Audiobook Review: FURIOUS HOURS, Harper Lee researches the infamous Reverend Willie Maxwell

1E637C1C-2484-4A93-953C-DD11F29AEB4EFurious Hours: Murder, Fraud, and the Last Trial of Harper Lee
Casey Cep
Narrated by Hillary Huber

In the 1970s, in Alexander City, Alabama, Reverend Willie Maxwell suffered the loss of five family members, including two wives, a brother, and nephew. After police discovered he had multiple life insurance policies on the decedents, Maxwell was brought to trial but successfully defended by attorney Tom Radney.

When Maxwell’s stepdaughter, Shirley Ann Ellington, died in 1977, ostensibly due to a mishap while changing a flat tire, Maxwell was suspected of killing her, yet he delivered the eulogy at her funeral. Before the crowd dispersed, Shirley’s uncle, Robert Burns, fatally shot Maxwell inside the chapel.

Despite hundreds of witnesses, Burns was acquitted, and his lawyer was none other than Tom Radney, the same man who insured Maxwell himself didn’t go to prison. Watching the proceedings unobtrusively was the author of To Kill a Mockingbird, one of the world’s most beloved novels.

Harper Lee, who had traveled to Kansas with Truman Capote to help research In Cold Blood, had in mind to write a true crime novel of her own, and she spent time living in “Alex City” and interviewing the principals.

In the well-researched Furious Hours, Casey Cep presents two narratives in a single volume: the story of Maxwell’s misdeeds and downfall and of Harper Lee and her book, The Reverend, that she never finished. In recounting these histories, Cep offers vivid and lively biographies of a range of characters and provides important sociological context, particularly regarding issues of race in Alabama.

I listened to the Libro.FM audiobook narrated by Hillary Huber, and I thought she did a phenomenal job bringing the words to life. (When I read her biography, I learned she’s recorded almost 400 audiobooks!)

Published by Knopf Doubleday

Audiobook Review: STAY SEXY AND DON’T GET MURDERED

Stay Sexy and Don't Get MurderedI am not a regular listener of the My Favorite Murder podcast, but I’d heard such positive things about it, I wanted to read (or, in this case, listen to), Stay Sexy and Don’t Get Murdered. Authors Georgia Hardstark and Karen Kilgariff are hilarious, open, and full of interesting stories in chapters with names like “If You’re In a Cult, Call Your Dad” and “Stay Out of the Forest.”⁣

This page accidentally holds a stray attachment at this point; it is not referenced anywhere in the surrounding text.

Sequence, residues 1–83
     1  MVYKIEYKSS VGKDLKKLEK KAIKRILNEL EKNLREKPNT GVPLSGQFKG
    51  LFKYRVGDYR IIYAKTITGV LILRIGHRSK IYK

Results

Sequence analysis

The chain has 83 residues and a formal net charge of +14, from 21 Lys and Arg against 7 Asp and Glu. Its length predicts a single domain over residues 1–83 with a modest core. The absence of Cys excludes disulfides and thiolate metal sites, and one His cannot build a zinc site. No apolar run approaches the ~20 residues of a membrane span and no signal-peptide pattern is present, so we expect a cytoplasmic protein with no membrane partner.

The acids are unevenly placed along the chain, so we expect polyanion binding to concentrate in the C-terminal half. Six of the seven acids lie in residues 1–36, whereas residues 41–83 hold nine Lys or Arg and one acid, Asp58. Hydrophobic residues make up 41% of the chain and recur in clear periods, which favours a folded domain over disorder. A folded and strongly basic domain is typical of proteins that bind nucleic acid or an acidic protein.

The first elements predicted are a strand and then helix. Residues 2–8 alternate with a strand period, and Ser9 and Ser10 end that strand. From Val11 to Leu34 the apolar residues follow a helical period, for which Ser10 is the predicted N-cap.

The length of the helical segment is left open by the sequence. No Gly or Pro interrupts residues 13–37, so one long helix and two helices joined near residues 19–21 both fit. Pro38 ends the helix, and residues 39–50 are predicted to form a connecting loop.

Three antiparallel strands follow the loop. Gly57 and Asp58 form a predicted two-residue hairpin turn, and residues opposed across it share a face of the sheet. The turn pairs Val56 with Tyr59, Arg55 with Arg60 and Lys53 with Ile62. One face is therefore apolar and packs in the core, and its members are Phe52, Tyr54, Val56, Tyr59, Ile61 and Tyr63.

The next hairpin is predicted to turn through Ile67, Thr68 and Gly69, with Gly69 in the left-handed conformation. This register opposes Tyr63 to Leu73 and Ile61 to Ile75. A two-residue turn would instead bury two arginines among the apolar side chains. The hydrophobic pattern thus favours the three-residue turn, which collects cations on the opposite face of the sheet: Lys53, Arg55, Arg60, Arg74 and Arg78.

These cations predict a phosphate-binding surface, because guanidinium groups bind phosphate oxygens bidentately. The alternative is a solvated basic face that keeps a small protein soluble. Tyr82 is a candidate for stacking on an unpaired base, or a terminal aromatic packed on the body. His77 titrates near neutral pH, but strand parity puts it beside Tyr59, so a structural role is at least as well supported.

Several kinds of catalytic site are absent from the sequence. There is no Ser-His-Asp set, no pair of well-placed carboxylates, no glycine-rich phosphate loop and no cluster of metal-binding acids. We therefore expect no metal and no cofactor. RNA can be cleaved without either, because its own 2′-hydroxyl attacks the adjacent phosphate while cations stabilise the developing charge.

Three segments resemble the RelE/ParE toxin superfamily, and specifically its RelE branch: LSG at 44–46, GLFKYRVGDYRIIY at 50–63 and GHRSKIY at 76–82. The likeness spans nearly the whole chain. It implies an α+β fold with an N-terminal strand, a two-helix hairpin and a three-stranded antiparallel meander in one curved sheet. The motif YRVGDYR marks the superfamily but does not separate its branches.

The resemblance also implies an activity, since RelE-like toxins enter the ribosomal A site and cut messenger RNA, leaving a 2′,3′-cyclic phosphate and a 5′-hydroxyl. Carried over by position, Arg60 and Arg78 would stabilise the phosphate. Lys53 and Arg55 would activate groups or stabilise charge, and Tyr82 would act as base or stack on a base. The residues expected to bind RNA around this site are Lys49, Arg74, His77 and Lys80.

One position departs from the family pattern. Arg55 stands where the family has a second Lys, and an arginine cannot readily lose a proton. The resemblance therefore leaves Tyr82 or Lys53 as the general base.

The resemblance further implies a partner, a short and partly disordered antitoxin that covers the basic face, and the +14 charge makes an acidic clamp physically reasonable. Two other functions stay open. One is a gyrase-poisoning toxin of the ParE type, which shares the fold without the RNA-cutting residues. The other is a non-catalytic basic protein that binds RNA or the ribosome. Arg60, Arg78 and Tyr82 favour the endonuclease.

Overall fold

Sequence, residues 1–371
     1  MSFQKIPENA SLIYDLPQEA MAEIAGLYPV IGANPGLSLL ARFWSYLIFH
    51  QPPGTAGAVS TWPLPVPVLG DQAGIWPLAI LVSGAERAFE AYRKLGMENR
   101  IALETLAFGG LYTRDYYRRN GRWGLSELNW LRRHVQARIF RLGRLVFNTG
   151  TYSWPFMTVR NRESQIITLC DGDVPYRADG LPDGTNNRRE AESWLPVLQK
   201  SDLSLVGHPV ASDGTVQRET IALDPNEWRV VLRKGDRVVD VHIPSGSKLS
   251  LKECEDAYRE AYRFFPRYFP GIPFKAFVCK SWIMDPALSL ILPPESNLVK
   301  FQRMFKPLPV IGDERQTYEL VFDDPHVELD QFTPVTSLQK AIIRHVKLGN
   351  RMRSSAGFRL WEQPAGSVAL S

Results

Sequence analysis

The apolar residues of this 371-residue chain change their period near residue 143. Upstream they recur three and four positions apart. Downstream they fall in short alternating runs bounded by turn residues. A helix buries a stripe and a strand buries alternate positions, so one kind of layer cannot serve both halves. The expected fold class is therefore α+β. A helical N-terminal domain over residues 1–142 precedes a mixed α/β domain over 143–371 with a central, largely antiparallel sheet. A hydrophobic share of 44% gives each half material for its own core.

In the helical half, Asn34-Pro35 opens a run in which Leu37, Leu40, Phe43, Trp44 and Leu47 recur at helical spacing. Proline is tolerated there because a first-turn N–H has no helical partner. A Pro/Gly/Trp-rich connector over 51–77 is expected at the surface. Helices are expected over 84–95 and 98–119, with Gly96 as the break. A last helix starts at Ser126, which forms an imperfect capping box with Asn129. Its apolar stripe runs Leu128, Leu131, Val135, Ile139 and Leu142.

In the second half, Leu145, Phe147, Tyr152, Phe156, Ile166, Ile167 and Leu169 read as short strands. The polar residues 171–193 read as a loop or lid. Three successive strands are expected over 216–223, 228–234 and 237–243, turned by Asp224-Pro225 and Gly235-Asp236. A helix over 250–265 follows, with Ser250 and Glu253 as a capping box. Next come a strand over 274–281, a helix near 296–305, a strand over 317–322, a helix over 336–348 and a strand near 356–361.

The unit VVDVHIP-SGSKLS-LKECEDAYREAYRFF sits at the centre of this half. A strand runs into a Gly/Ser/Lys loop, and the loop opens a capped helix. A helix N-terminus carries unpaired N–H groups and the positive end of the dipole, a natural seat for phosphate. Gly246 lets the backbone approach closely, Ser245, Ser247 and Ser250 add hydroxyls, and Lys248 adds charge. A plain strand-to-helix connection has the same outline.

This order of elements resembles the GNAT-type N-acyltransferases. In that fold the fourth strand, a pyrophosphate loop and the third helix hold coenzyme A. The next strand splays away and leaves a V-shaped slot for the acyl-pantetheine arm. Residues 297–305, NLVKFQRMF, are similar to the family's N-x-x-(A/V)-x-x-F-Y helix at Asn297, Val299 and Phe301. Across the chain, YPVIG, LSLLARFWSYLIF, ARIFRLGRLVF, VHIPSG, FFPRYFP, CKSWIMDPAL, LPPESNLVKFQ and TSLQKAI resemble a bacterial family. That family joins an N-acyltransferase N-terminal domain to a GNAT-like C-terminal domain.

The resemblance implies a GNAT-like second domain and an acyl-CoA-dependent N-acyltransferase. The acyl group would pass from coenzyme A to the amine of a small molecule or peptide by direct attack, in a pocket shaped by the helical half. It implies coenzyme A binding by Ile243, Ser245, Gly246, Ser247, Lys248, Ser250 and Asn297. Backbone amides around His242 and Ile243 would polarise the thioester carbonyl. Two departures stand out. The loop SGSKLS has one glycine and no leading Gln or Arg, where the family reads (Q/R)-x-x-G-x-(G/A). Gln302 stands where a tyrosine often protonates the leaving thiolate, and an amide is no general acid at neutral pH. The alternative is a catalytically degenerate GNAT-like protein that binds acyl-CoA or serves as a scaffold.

The publishers call the book a “dual memoir,” and it is rich with details about their childhoods and early adult years, including struggles with depression, alcoholism, and substance abuse.⁣

There’s a horrifying story in which the inability to say no leads to a session of topless modeling. In a more positive vein, Hardstark describes her love of reading and meeting Ray Bradbury at an event.⁣

Throughout the book, the women emphasize self-awareness, vulnerability, and connection. What was missing was the true crime I expected. I liked the book anyway, but it’s not a traditional true crime volume.⁣

I loved listening to the audiobook and hearing the women interact. Paul Giamatti reads some sections. One of their fathers even jumps in for a cameo. Even better, I got the book through Libro.fm which works in partnership with independent bookstores.⁣

Libro.fm is an affiliate link – we’ll both get a free audiobook if you join!

BOOK REVIEW: Born a Crime Audiobook

Born a Crime: Stories from a South African ChildhoodBorn a Crime: Stories from a South African Childhood by Trevor Noah

My rating: 5 of 5 stars

When I first heard about Born a Crime, I decided to listen to it as an audiobook instead of reading it in a traditional format. I’m so glad that I did. I’m sure the book would be just as good, but it wouldn’t have the correct pronunciation of African phrases, the special voices Noah uses for his grandmother, mother, and other family members, or his emotional delivery.

Born a Crime focuses on Noah’s early years growing up under apartheid and ends in his mid-twenties as his comedy career was taking off but his family suffered a tragedy. As funny as Noah is–and he is funny–the book provides an unflinching look at apartheid and the effects of apartheid after it ended. He describes feeling like an outsider in school, recounts his schemes to make money, reflects on his relationship with his Swedish father, and laments his lackluster love life.

As Noah hilariously recounts his exploits, he never fails to situate them in the social and cultural context, asking difficult questions (e.g., might crime be at times legitimate?) or criticizing the policies of the South African state. Not only was I completely entertained, I learned a lot about the mechanisms of apartheid and the methods by which the government successfully oppressed the majority of the population.

Throughout, Noah returns to themes of empathy and understanding, often reflecting on how language can unite (or divide) people, as well as the love of family, particularly his strong though difficult mother. The last chapter of the book recounts his mother’s marriage to his stepfather, and the raw emotion it still raises was clear in Noah’s narration. Of course, the book also underlines the use of humor to cope with difficult situations.

The only drawback to the audio edition was the lack of pictures. I’m not sure if the hardback or ebook has pictures. When Noah described how he looked as a teenager and his attempts to preen for girls, I really wished I could see it!

I highly recommend this book for teenagers up!

View all my reviews